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make me a rocket fire /gasifier /that can. . heat mass / water / cook on / make light / make electri  RSS feed

 
rob zos
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make me a rocket fire /gasifier /that can... heat mass / water / cook on / make electric from gas steam / make light from gas /electric /steam / flame / run mechery from gas/ electric /steam / thermo controled draft propeld from gas /electric / steam / solar / store gas in compresion / no smoke please / run hydraulic pump for log spliter from gas /electric /steam ect / must have big grav fed fuel suppley to last a long time......

i know its not a lot to ask ......
 
John Master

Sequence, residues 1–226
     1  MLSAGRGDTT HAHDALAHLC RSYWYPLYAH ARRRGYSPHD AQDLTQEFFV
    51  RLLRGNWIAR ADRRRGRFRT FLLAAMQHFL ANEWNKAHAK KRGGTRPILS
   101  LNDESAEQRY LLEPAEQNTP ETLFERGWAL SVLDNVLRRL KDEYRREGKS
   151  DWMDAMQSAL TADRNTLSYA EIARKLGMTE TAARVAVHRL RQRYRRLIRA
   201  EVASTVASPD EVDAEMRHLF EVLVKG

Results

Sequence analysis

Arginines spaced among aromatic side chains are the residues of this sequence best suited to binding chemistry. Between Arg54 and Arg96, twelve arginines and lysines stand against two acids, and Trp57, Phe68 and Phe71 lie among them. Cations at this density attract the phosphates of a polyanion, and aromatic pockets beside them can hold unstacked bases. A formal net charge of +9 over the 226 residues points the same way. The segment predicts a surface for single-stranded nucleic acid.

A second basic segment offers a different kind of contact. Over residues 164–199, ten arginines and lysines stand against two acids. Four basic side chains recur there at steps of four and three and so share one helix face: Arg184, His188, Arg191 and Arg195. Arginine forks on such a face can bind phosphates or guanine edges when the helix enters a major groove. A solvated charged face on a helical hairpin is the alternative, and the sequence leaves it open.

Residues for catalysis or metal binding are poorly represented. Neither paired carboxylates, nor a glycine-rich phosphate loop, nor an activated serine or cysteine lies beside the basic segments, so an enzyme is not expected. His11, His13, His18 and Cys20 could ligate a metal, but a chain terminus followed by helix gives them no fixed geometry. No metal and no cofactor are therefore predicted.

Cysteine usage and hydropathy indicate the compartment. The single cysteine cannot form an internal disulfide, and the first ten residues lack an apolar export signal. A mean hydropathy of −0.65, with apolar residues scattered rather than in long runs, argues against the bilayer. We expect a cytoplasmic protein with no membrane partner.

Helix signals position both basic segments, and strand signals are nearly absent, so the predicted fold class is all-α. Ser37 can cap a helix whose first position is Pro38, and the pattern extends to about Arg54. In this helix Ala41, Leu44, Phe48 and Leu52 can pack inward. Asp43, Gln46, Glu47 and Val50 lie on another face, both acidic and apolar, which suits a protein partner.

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Location: Wisconsin
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I think you are being too narrow in your scope, maybe if you give us a broad idea of all the things you need this furnace contraption to do we can help j/k

I am working on a gravity fed wood chip burning rmh hydronic boiler that (if it even works) could eventually be retrofitted with a stirling engine generator to produce electricity (also not an easy task as i've come to find).

You would need a gasifier for some of the things you want, an RMH for the others and some are just not going to be worthwhile to pursue.

 
Dave Turpin
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Location: Groton, CT
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You want something like this:

http://biolitestove.com/homestove/overview/

It does everything except for heat mass. The electricity produced is enough for a few led lights. It would need to be scaled up substantially to power a hydraulic pump...
 
John Ram
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Location: Gaia, Portugal